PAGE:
I made a tweet sized rpn calculator, available here. Here’s the code with no formatting:

function rpn(t,s){for(s=[],t=t.split(' '),i=0;c=t[i++];)s.push((n=parseFloat(c))?n:eval(s.splice(-2,1)[0]+c[0]+s.pop()));return s;}

Here’s a breakdown of the code:

function rpn(t,s){

Nothing much to see here. `t`

is the input string and `s`

is the stack,
defined here for reasons shown later.

for(s=[],t=t.split(' '),i=0;c=t[i++];)

This is the main loop, `s`

is initialised and `t`

is split into tokens.
The tokens are iterated over and the current token is stored in `c`

. This
loop works because in javascript strings are ‘truthy’, so the
loop will continue until c becomes undefined (which happens when i is larger
than the length of the token list.)

As an aside, note that the value of ‘`a = 12`

’ is `12`

and the
value of ‘`var a = 12`

’ is `undefined`

. This is what allows
‘`c=t[i++]`

’ to work.

s.push(...);

Something is always pushed to the stack, either a result or a new value.

(n=parseFloat(c))`<br />`?n:`<br />`eval(s.splice(-2,1)[0]+c[0]+s.pop())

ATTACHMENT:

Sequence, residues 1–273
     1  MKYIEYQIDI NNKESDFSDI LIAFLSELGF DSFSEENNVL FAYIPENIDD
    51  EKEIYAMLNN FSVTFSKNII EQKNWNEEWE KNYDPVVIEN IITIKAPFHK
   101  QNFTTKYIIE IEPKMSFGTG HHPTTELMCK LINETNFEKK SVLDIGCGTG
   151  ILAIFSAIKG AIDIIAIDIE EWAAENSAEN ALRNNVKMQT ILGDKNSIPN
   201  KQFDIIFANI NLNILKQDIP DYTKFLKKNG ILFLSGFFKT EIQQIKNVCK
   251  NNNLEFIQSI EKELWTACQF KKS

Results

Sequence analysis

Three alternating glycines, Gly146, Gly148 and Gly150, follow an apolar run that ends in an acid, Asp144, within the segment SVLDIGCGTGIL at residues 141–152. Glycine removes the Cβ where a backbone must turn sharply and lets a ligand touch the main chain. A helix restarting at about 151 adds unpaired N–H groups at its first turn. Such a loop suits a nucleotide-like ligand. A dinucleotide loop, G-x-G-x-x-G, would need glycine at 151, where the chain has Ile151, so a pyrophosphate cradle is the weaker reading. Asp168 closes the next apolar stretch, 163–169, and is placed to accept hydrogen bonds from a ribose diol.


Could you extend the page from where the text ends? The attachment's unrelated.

First, try and parse a float from the token, if this worked push it to
the stack and continue the loop. Otherwise, `eval`

the second topmost value
on the stack, plus the first character of the current token, plus the
topmost value on the stack and push the result to the stack.
This means if the stack is `[1, 2]`

and the current operator is `+`

we run
‘`eval('1+2')`

’.

return s;}

Return the stack. This is why s needed to be defined as an argument to the function. If it was defined in the loop like our other variables it wouldn’t be avilable here.

There you have it, a tiny rpn calculator that’s not very safe.

2013-11-14